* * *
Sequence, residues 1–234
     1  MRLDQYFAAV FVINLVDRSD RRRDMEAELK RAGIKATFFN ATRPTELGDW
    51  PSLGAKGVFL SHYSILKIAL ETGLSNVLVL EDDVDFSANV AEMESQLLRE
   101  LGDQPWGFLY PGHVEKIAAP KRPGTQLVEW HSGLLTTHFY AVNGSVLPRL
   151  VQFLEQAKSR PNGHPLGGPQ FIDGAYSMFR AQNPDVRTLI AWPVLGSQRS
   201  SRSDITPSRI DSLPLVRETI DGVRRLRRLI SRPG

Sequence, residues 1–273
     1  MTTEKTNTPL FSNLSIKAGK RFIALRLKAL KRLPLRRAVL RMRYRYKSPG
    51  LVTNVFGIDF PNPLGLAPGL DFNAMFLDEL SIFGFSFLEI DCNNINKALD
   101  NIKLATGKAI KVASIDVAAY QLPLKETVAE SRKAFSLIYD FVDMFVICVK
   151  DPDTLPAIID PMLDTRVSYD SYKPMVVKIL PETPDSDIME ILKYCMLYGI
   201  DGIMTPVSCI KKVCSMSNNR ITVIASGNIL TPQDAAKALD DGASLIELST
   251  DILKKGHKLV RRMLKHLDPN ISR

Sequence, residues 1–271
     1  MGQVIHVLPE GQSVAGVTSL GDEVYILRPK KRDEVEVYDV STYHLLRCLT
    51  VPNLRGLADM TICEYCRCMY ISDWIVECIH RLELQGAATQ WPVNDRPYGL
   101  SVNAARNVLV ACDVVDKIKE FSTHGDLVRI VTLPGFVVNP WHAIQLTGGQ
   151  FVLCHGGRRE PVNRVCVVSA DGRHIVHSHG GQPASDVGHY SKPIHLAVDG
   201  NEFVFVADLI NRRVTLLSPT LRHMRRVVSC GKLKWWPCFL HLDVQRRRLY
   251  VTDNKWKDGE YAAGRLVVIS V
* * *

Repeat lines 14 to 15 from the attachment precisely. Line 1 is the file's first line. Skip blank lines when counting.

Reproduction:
Sequence, residues 1–271
     1  MGQVIHVLPE GQSVAGVTSL GDEVYILRPK KRDEVEVYDV STYHLLRCLT